Pertica

(130 words)

Author(s): Schulzki, Heinz-Joachim (Mannheim)
[English version] Als p. wird die Meßlatte (Stange) der röm. Feldmesser und Architekten (meist in einer Länge von 10 Fuß ( decempeda ) = ca. 2,96 m, seltener zu 12, 15 oder 17 Fuß) bezeichnet. P. ist auch t.t. für das mit der Stange vermessene Gebiet sowie als p. quadrata Flächenmaß für ein Areal von 10 × 10 Fuß. Als regionale Sonderform ist aus Germanien p. als Längenmaß von 12 Fuß nach dem pes Drusianus zu 33,3 cm, entsprechend 3,99 m, bekannt. In der Landwirtschaft bezeichnet p. die im Weinbau verwandten Pfähle zum Befestigen der Reben sowie die Stöcke zum Abschlagen von Nü…

Multiplum

(334 words)

Author(s): Schulzki, Heinz-Joachim (Mannheim)
[English version] In der ant. Numismatik benutzter t.t. zur Bezeichnung von Mehrfachstücken eines bestimmten Nominals bzw. von Prägungen größeren Formats aus edlen oder unedlen Metallen. Häufig wird M. irrtümlich gleichbedeutend mit dem Begriff Medaillon verwandt; dieser schließt allerdings eine Funktion als Zahlungsmittel aus, während multipla grundsätzlich nach ihrem Gewicht in das gängige Münzsystem hineingehören. Im griech. Bereich können Oktadrachmon und Dekadrachmon als m. angesprochen werden, da ihre Ausprägung in der Regel im Zusammenhang mit besti…

Kotyle

(95 words)

Author(s): Schulzki, Heinz-Joachim (Mannheim)
[English version] [1] s. Gefäße, Gefäßformen/-typen (Trinknapf) s. Skyphos Schulzki, Heinz-Joachim (Mannheim) [English version] [2] Hohlmaß (κοτύλη/ kotýlē; lat. cotula, cotyla). Griech.-lat. Bezeichnung eines Hohlmaßes für Flüssiges im Volumen von 1/144 Metretes oder 1/12 Chus [1], entsprechend 4 Oxybapha oder 6 Kyathoi, sowie als Trockenmaß im Volumen von 1/192 Medimnos oder 1/32 Hekteus. Die Umrechnung liegt nach Hultsch bei ca. 0,27 l [1. 108, 703, Tab. X], nach Viedebantt bei ca. 0,22 l [2. 1547f.] mit größeren regionalen Abweichungen. Schulzki, Heinz-Joachim (Man…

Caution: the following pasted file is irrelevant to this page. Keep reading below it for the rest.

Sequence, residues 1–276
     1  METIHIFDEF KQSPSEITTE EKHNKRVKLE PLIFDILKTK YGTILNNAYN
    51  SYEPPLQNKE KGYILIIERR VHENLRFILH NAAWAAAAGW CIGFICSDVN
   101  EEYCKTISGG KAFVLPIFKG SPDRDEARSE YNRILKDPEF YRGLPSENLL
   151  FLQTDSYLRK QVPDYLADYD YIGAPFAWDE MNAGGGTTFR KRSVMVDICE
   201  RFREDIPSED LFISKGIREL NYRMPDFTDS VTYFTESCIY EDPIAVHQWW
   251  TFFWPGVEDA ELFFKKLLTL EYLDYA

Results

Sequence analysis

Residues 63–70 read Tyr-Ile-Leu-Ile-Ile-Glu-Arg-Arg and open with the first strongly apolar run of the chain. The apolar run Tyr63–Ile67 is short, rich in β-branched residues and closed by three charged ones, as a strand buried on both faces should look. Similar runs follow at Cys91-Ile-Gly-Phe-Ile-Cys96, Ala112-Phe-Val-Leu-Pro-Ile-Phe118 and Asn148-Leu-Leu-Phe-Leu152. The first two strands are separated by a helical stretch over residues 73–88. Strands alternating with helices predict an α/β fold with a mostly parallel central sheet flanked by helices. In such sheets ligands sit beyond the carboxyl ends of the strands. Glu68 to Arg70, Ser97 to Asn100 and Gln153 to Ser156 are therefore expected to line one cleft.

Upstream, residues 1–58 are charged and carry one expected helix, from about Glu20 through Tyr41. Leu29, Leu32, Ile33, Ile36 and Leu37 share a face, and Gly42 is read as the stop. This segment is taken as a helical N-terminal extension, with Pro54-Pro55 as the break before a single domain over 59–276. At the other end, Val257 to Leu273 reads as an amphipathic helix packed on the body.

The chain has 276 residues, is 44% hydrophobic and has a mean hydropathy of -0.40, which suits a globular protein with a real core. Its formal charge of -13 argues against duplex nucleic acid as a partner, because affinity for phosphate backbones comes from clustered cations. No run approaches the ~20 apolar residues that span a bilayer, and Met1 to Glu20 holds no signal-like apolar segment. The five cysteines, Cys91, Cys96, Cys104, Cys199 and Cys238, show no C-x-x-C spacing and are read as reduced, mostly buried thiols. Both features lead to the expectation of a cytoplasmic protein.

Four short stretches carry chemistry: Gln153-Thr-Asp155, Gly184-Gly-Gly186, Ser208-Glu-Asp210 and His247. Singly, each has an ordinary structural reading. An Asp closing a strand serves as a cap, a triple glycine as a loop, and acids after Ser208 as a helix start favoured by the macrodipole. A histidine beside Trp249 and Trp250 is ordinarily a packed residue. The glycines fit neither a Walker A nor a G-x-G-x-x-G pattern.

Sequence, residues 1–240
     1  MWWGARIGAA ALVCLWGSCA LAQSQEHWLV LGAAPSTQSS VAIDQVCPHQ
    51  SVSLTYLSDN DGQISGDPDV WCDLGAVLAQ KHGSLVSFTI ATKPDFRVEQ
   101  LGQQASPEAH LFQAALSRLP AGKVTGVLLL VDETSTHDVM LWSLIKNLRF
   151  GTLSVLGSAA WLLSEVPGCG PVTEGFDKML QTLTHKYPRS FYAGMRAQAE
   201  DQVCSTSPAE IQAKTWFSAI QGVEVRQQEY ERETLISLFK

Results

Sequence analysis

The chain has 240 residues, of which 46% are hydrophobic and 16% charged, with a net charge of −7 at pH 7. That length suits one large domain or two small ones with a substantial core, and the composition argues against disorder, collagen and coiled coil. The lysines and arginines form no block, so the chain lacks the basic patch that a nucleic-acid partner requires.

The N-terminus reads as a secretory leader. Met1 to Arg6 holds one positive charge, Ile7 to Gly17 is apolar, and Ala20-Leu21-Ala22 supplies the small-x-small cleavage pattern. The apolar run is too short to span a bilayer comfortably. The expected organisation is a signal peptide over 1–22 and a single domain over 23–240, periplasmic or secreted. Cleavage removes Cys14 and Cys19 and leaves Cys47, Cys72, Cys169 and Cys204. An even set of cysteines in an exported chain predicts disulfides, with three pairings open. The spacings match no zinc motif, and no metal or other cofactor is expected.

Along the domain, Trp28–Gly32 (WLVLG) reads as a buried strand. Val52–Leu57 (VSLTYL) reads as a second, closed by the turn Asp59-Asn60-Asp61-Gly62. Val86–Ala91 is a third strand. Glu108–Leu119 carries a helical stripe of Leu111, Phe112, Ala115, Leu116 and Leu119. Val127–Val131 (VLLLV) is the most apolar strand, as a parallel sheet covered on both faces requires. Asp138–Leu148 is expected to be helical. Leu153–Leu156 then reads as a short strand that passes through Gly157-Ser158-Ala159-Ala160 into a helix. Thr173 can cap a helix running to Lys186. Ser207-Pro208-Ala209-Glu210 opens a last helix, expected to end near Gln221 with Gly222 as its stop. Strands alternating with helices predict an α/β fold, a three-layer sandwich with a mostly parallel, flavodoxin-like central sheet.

Parasanges

(58 words)

Author(s): Schulzki, Heinz-Joachim (Mannheim)
[English version] (παρασάγγης). Babylonisch-assyrisches und persisches Längenmaß (“Stundenweg”) zu 30 Stadien (vgl. Hdt. 2,6,3; Xen. an. 5,5,4) bzw. 10800 königlichen Ellen, entsprechend ca. 5,7 km. Nach Herodot wurden in den altorientalischen Reichen die Straßen sowie die in Steuerkataster erfaßten Landflächen in Parasangen vermessen (Hdt. 6,42,2). Stadion Schulzki, Heinz-Joachim (Mannheim) Bibliography F. Hultsch, Griech. und röm. Metrologie, 21882, 476ff.

Libra

(217 words)

Author(s): Schulzki, Heinz-Joachim (Mannheim)
[English version] [1] Gewichtseinheit (auch pondus, “Pfund”, metonymisch “das Gewogene”; griech. Äquivalent: λίτρα/ lítra). T.t. für die Grundeinheit des röm. Gewichtsystems zu 327,45 g; die L. entspricht dem as , der nach dem Duodezimalsystem in 12 unciae zu 27,28 g unterteilt wurde [2. 706 Tab. XIII]. Der Standard dürfte nach Wägungen von Edelmetallmünzen sowie Silbergeschirr bis in die frühbyz. Zeit weitestgehend unverändert geblieben sein [3. 222]. Als Gewichtsstücke finden sich L. aus Br. und Blei sowie aus Stein, zur Unterscheidung von den in Kleinas…

Kados

(113 words)

Author(s): Schulzki, Heinz-Joachim (Mannheim)
[English version] (κάδος; lat. cadus; “Krug, Eimer”). Griech.-lat. Bezeichnung für ein - in der Regel irdenes - Gefäß zur Aufbewahrung von Flüssigkeiten. In Athen war K. gleichzeitig Begriff für die größte Einheit der Hohlmaße, gleichbedeutend mit Metretes, entsprechend 39,4 l [1. 101-102; 703 Tab. X A]. In Rom war K. die Maßeinheit für griech. Weine, im Gegensatz zu ital. Weinen, die nach der Amphora [2] bemessen wurden. In der röm. Lit. t.t. für Weinkrug, daher bei den Dichtern der augusteischen Z…

Decumanus

(248 words)

Author(s): Schulzki, Heinz-Joachim (Mannheim)
[English version] ist t.t. der röm. Landvermessung (Limitation) und bezeichnet im rechtwinklig angelegten Vermessungssystem die senkrecht verlaufenden Linien ( limites); urspr. handelt es sich um eine Bezeichnung aus der Kosmologie für die Ost-West-Achse als Visierlinie der Himmelsbewegung [1. 199] im Gegensatz zum cardo als Nord-Süd-Achse, die die Welt in eine Sonnenauf- und Sonnenuntergangshälfte bzw. Tag- und Nachthälfte teilt [2. 147]. In der gromatischen Praxis wurde der d. maximus als Orientierungsachse unabhängig von den Haupthimmelsrichtungen nach top…

Groma

(215 words)

Author(s): Schulzki, Heinz-Joachim (Mannheim)
[English version] (griech. γνώμων). Bezeichnet das Gerät der röm. Feldmesser, mit dem bei Vermessungen im Gelände gerade Linien und rechte Winkel ermittelt wurden. Es besteht aus einer etwa mannshohen Stange ( ferramentum) und einem waagerecht darauf befestigten drehbaren Kreuz aus vier rechtwinkligen Balken ( stella). An den vier Enden waren an Fäden abhängende Lote ( perpendicula) bis in Bodennähe angebracht. Das am Mittelpunkt des Drehkreuzes ( umbilicus soli) angebrachte Lot wurde durch leichte Schrägstellung des ferramentum über dem Meßpunkt ausgerichtet [3]. Die …